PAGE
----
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The Forum > Article Comments > Education policy: stuck on a dirt track to nowhere > Comments

Education policy: stuck on a dirt track to nowhere : Comments

By John Töns, published 12/4/2010

Education is an investment; we all benefit from a well funded system that caters for all students and ensures a workforce for the future.

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Not a bad article, John.

How education is 'conceived' in this country is increasingly as a private good or 'investment', exactly equivalent to private health and subsidised in the same way by taxpayers who cannot afford, and will never be able to afford, to exercise 'choice'. Things of private benefit are often subsidised by the public if the recipients are seen as 'aspirational' types or marginal voters. Certain sections of the population are permitted by this largesse to exercise their dreams of climbing the socio-economic ladder; to them it's a kind of birth-right.

All talk of 'choice' in education is humbug, and as you say a smokescreen for cutting back expenditure.

Yes, a dual system, with private schools truly private, would be better than this 'middle class welfare' system with its shocking and brazen inequalities. However, a system like the Finnish one might be even better - private schools to receive the same grants as state schools but not allowed to charge fees and to accept all-comers. The system as we know it would disappear, as in Finland where the private system is now a 'rump' servicing only about 5% of the nation's students in schools that are run by religious groups or Steiner groups or such-like. Finnish schools have great equality and are well equipped; they are truly free, too. No national testing or league tables, yet Finnish students are world-beaters in global testing.

We seem to be light years away from such a system.
Posted by Rapscallion, Monday, 12 April 2010 6:59:48 PM
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Very good article.
Sadly we have allowed "private" schools to distort both the curriculum and the resources available to the majority of students. Not only are religious schools allowed to teach rubbish like "intelligent design"... which actually has no predictive or theoretical content to teach. Mostly what they teach is rhetorical tools to use against the century old conclusions of open minded science. This is cultural sabotage and child abuse to boot.
The "Ivy League" school of thought from the US is alive and well here too. This theory of society is that it does not matter if you deprive the majority, so long as the elites get more then it's all cool. If we follow this path then we'll see the same result: more disparity and a further falling behind in relation to the rest of the world.
Frankly I can't see either party fixing this: Both are wedded to corporate and middle class welfare, and both are beholden to the shadowy church groups that seem to set policy these days. Will we let the churches drag us into another Dark age?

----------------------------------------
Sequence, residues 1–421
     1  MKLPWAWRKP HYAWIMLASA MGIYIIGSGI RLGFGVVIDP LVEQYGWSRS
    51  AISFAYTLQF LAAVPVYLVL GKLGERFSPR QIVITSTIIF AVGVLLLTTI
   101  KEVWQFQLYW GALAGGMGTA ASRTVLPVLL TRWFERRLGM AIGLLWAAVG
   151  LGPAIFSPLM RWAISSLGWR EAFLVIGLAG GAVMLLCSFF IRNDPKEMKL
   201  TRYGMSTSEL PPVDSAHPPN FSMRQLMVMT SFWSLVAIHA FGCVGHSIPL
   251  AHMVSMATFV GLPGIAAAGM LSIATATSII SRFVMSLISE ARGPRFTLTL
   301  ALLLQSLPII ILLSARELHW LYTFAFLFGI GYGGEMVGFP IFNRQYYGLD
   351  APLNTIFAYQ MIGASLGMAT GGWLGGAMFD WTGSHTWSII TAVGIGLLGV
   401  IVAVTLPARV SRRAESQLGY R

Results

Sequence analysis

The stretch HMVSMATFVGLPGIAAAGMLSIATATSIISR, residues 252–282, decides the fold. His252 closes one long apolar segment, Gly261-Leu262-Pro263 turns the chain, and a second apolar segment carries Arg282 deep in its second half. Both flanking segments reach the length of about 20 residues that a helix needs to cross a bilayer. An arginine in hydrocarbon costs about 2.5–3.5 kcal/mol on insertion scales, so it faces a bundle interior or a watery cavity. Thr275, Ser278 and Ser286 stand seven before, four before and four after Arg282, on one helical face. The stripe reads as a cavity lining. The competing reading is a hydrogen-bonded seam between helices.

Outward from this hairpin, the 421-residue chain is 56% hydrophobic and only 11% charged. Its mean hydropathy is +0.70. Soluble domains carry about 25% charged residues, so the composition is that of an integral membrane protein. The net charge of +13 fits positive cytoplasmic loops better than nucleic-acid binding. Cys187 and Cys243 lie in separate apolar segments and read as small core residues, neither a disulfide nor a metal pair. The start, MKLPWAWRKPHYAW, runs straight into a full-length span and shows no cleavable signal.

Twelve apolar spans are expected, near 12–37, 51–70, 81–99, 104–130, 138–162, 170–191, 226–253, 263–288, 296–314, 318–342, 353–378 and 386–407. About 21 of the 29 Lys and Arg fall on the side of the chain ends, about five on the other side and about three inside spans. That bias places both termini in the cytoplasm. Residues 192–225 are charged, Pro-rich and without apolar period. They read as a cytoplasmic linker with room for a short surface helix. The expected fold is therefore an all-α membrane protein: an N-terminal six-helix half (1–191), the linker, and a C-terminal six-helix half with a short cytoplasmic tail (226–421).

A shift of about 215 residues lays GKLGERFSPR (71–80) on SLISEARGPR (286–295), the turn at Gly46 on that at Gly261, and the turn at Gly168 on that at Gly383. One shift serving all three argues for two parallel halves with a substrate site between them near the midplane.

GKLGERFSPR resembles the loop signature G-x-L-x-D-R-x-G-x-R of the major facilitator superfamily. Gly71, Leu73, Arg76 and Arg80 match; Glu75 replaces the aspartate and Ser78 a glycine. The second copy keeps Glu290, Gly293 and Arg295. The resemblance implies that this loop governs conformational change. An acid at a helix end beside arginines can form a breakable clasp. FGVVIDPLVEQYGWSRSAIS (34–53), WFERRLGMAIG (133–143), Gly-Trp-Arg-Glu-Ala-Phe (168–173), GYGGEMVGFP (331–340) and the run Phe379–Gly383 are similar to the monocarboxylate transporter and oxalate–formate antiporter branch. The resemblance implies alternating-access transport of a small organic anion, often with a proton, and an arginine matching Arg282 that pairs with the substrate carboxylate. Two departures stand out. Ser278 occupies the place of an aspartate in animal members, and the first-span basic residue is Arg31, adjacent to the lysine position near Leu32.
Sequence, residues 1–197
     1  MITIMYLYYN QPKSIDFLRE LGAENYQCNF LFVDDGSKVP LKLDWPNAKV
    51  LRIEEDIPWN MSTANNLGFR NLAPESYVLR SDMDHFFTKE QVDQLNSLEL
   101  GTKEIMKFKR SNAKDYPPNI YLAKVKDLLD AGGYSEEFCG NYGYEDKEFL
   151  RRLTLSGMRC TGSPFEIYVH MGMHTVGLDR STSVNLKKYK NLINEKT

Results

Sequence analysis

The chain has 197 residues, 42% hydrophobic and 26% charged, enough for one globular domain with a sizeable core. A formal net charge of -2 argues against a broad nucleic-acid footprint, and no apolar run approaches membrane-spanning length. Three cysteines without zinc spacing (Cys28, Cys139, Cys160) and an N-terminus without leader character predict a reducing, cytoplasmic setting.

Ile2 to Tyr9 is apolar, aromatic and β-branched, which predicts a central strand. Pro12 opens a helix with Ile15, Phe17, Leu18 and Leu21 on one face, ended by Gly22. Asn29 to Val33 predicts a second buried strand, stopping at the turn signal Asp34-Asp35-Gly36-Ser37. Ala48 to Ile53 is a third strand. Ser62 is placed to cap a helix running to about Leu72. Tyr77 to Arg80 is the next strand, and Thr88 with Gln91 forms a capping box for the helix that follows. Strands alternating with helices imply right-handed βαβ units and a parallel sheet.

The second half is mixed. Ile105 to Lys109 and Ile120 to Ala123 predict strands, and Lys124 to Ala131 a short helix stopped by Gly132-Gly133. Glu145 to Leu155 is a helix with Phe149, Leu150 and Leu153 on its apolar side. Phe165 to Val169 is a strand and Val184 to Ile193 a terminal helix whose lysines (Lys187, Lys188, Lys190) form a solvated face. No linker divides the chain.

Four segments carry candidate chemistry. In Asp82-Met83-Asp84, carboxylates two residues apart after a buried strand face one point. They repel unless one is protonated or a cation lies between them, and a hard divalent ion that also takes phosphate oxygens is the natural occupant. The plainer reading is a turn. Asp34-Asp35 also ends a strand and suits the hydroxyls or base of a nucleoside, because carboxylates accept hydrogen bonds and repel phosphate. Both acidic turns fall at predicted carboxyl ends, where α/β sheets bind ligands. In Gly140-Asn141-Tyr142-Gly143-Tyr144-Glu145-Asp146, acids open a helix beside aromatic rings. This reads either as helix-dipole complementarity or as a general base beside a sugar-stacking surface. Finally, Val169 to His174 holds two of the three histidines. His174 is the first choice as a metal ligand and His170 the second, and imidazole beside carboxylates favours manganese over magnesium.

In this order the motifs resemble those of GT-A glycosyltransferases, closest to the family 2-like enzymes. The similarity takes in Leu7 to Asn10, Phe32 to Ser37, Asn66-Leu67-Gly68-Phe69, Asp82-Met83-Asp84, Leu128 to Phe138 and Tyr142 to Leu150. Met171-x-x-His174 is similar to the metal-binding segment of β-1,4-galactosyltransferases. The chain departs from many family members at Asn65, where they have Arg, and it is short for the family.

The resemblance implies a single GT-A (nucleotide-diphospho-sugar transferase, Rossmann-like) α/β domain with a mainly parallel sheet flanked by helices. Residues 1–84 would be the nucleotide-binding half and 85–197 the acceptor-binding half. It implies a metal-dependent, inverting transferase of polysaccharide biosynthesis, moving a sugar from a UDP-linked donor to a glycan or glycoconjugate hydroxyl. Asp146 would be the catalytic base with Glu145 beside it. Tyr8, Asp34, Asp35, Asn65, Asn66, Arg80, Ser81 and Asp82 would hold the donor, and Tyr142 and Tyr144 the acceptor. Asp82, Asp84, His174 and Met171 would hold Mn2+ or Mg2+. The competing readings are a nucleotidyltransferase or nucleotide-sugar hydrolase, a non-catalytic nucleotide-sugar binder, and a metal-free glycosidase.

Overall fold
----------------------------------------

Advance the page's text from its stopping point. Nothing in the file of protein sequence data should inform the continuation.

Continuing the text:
Posted by Ozandy, Tuesday, 13 April 2010 10:02:17 AM
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John Töns wrote 12 April 2010:

>... education policy ... starts with a budget ...

Education costs money.

>... we need a workforce that is literate and numerate ...

There are also social good reasons for education.

>... private schools that charge a tuition fee would either have to remove their fees in order to receive full government funding ...

Government could fund each student to be educated to the required level at a state or private school. Extra education would then cost extra.

Government could fund online resources for the basic curriculum for free online, for use by any public or private school or student at home.

> ... provision of free tertiary education.

Education costs money. But the government could fund free online resources, for low cost for "Open University" courses.

>In addition we need to transform the way we conceive of education. ...

Education is being transformed in ways similar to Montessori schools. E-learning will be mainstream within a year.

>Around the country sits an enormous investment in purpose built educational facilities. ...

Much of the existing education infrastructure is unsuitable for modern education and must be demolished or refurbished.

>... Why should schools not be staffed for 12 hours a day? ...

The major cost is staff and the existing buildings are unsuitable for community education.

>... remove the problem of latch key kids.

Government subsidised child minding facilities should be funded separately to education. With improved teaching techniques most students need to only two or three days a week at "school".

>.. programs ... that simply do not fit into ... school day.

Schools are not the only places to learn and are probably not the best places.

>... appropriately qualified teachers ...

A revolution is now taking place in how teachers are trained. That will then flow on to how they teach.

>... get of the dirt track and hit the bitumen.

Get education off the dirt track and on the information superhighway. ;-)

See also:

* Mentored and collaborative techniques in e-teaching:
* Workshops on technology-enhanced learning:
Posted by tomw, Tuesday, 13 April 2010 4:06:03 PM
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